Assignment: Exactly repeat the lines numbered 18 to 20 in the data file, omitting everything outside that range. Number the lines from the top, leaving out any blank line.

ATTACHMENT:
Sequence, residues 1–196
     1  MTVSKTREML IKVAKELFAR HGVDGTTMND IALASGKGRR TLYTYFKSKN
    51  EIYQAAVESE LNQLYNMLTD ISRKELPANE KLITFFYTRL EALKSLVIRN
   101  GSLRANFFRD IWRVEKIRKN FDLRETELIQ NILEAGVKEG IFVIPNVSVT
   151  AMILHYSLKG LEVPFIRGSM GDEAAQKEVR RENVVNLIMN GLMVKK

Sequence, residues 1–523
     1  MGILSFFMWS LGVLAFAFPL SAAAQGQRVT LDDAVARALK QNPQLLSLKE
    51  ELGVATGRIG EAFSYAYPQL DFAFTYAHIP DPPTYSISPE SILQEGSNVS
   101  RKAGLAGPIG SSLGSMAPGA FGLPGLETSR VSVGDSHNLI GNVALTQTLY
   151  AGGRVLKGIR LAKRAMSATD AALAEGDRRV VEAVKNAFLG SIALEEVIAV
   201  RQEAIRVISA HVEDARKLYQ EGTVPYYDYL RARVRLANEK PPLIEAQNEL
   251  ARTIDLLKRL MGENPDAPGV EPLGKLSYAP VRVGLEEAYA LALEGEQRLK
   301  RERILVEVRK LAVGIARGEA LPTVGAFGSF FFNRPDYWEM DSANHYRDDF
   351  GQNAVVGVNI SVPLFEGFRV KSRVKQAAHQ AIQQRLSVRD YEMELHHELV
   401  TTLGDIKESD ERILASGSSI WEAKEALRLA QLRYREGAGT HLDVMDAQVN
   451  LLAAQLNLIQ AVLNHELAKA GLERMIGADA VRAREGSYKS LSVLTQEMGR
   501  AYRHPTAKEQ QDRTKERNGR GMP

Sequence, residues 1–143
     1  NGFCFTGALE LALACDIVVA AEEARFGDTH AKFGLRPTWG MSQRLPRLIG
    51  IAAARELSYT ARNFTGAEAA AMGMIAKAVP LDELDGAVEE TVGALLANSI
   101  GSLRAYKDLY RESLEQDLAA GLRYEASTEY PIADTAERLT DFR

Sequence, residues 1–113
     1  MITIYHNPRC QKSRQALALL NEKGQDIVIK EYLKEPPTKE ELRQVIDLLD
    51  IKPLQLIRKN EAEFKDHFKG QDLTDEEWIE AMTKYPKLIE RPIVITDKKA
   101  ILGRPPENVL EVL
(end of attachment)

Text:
Sequence, residues 1–143
     1  NGFCFTGALE LALACDIVVA AEEARFGDTH AKFGLRPTWG MSQRLPRLIG
    51  IAAARELSYT ARNFTGAEAA AMGMIAKAVP LDELDGAVEE TVGALLANSI